The time was never quite right for Mary to move permanently to Ireland. In London, she had a steady job, and London put the job market around Limerick to shame. In the early days, son Paul had to make do with sporadic visits from his father – maybe Christmas, maybe a birthday – but even these dried to a trickle when Steve later took up with Coleen.
Steve’s great gift to the world was his ability to spin a yarn, and Paul’s key memory of daddy was Steve’s endless tales rooted in Irish history. But they were just tales, right? They bore no resemblance whatever to the *real* history that he started picking up as he got older. Right?
Paul had an unremarkable childhood; he did what had to be done but was not exceptional. He sat his GCSEs at sixteen and did well enough to continue at school. A-levels, though, were a different prospect altogether, and Paul struggled with the higher level of self-motivation that was required.
Mary was fiercely proud of her son – not a bad achievement when she had effectively brought Paul up, single handed. But even she could see the wheels coming off as Paul got older and mixed with “undesirables”. How she missed that father figure now that she needed one. Things grew into a crescendo of booze and street gangs, and Paul eventually gave up on school altogether. It was 1995, Paul was a few months shy of his eighteenth birthday, he had a handful of qualifications, and Paul needed to find a job.
There was plenty of “work”, available from his street-gang buddies, and it didn’t pay badly. For a few months, Paul was living the life of Riley, taking advantage of Mary. He would often equivocate with her, being less than truthful about who he’d been with, or what he’d been up to. Things came to a head, though, after he was arrested, and ended up at Magistrates Court. Despite the Conditional Discharge, the slap on the wrist for a first offence, Mary had had enough – if he didn’t pull his socks up, he would be out on his ear. Paul could see his life getting further out of control and, aged eighteen, he got his first proper job – a Christmas assignment at the Post Office. Paul did very well, he was sharp, well-liked, a hard worker, and made friends easily. He put a lot down to his Irish side, and his Blarney. Come February, Paul was offered a permanent job there.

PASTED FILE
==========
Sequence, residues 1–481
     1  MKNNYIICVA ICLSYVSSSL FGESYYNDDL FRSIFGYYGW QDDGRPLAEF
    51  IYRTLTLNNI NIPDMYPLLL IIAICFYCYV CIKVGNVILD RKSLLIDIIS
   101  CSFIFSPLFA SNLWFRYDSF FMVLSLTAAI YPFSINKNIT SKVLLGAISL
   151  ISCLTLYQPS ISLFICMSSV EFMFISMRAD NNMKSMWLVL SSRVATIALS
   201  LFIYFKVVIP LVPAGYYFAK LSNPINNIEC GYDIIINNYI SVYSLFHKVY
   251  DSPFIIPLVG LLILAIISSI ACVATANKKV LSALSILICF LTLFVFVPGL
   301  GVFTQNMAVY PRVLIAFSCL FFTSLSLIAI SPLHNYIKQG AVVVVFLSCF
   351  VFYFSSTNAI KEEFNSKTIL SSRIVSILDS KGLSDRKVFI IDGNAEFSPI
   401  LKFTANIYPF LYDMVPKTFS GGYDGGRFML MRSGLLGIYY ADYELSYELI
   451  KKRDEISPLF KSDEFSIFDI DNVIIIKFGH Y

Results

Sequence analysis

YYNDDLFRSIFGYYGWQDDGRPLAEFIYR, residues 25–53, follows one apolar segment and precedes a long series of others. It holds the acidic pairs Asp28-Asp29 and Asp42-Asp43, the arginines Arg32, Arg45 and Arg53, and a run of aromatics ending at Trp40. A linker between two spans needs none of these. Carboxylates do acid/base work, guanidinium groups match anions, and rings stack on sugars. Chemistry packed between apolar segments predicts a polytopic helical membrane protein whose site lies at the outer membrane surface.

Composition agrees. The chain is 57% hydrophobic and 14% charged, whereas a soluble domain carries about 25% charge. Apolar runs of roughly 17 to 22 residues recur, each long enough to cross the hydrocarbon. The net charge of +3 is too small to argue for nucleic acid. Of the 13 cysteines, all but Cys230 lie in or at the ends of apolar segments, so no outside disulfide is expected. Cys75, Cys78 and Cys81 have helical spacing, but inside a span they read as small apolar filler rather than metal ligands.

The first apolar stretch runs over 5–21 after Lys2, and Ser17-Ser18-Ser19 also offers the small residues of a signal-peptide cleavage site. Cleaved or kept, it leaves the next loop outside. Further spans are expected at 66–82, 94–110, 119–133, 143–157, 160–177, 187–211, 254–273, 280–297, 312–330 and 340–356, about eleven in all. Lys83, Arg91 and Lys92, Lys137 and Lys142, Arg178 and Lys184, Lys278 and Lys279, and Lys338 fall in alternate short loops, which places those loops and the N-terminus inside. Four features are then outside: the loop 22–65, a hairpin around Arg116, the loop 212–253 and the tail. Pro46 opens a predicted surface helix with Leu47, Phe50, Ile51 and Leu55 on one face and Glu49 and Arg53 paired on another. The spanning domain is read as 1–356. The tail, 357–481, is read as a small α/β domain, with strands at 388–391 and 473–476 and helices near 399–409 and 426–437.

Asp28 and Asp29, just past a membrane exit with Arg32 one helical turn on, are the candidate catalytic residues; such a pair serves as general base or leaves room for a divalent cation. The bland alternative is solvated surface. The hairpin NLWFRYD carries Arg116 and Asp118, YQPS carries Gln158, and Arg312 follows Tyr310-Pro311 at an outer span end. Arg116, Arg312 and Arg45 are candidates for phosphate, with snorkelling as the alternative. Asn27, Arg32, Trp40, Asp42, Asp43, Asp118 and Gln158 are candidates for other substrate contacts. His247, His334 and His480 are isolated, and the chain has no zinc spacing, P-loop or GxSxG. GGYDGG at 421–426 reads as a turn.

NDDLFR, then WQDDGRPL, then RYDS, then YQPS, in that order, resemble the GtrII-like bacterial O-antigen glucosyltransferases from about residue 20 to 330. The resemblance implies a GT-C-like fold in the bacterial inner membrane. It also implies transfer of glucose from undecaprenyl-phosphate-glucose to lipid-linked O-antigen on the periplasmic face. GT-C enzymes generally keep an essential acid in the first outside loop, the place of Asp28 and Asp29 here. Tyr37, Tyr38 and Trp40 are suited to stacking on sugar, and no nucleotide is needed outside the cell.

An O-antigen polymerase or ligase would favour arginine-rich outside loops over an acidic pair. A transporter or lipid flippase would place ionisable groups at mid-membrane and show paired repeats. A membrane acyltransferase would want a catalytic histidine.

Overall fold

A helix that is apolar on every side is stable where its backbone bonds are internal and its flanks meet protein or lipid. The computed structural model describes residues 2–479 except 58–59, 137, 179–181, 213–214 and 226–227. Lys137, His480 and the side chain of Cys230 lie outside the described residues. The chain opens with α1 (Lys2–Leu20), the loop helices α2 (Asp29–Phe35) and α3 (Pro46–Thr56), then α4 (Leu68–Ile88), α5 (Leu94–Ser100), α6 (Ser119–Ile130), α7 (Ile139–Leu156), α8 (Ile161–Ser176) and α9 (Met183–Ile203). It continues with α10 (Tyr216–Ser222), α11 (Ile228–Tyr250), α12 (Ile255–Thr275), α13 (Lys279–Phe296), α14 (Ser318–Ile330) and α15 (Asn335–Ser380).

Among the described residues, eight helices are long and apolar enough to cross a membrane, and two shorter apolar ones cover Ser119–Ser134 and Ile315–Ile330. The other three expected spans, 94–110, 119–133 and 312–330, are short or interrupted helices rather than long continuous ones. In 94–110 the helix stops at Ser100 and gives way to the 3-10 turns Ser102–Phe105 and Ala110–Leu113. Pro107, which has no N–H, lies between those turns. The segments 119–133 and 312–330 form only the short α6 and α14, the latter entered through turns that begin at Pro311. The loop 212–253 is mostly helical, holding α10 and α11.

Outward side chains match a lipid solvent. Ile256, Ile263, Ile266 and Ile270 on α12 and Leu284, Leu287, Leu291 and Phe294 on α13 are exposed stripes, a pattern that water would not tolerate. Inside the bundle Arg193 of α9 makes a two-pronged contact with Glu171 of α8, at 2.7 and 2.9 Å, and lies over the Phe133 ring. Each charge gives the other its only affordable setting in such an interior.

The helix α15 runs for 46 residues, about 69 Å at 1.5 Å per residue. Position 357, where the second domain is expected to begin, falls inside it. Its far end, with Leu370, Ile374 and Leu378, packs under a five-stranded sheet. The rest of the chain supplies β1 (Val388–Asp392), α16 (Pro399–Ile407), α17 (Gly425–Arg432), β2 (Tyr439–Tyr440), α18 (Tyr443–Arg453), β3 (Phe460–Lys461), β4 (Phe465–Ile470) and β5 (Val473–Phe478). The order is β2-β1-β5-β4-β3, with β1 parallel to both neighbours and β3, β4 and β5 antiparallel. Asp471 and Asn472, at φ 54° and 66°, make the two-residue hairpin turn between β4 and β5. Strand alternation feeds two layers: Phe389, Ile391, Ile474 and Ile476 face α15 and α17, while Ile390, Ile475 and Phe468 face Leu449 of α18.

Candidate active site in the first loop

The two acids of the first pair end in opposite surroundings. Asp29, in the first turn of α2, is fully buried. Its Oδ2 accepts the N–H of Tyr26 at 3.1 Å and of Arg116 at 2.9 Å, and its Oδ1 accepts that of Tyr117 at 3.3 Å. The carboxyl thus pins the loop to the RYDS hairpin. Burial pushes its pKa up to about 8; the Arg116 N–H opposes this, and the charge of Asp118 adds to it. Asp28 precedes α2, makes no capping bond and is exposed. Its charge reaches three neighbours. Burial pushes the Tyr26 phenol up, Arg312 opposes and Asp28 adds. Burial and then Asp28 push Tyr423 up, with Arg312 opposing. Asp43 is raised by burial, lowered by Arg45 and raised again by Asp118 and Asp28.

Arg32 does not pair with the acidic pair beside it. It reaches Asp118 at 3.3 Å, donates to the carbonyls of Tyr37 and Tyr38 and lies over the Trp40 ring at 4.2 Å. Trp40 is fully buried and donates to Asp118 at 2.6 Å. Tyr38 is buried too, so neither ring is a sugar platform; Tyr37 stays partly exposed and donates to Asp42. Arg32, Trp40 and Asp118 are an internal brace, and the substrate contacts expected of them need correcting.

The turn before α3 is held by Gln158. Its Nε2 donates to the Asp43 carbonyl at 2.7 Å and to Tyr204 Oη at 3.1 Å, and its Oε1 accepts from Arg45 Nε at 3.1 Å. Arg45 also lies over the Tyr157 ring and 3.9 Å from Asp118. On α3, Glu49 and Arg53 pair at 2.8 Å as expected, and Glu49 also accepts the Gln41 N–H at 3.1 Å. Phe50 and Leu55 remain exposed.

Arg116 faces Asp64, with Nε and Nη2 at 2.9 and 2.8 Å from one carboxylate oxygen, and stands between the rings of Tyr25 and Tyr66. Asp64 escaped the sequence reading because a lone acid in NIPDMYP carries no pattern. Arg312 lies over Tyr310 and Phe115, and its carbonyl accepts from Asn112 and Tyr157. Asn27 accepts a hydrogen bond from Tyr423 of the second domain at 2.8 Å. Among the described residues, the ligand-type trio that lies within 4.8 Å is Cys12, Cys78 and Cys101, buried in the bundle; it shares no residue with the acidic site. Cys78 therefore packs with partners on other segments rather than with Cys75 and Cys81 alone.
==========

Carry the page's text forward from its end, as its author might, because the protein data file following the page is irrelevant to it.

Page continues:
In fact, Paul was good at the job – too good – and he progressed well, becoming a manager there. Aged 19, he had met Beth, and aged 21 – in 1999 – they had got married, setting up home in a shoebox of a house, on a new development not far from St Albans. Mary had her misgivings – they were both incredibly young – but wished the couple well. In the fullness of time, Paul outgrew the Post Office and happened upon an opening at RightWay, a human rights charity role which promised far more varied work than the Post Office. The work was less of a “sure thing”, but Paul was young, and was confident in his ability. Whatever lay in store, he could wing it.
The new job went well, Paul was able to contribute immediately, when he was thrown into the deep end, the fallout from the war in Iraq. Work often made up for a less-than-perfect life at home. Thinking that a baby would shore up the relationship, a son, Jake, duly arrived in 2008. But he was merely a stay of execution, and Paul and Beth separated in 2011, and finally divorced in 2014. Paul moved out of one rabbit hutch into another and started renting a bedsit close to his childhood home in Kilburn. For all he was absent, Paul did his best to be around for his son.
for Fandango’s One Word Challenge (FOWC), equivocate.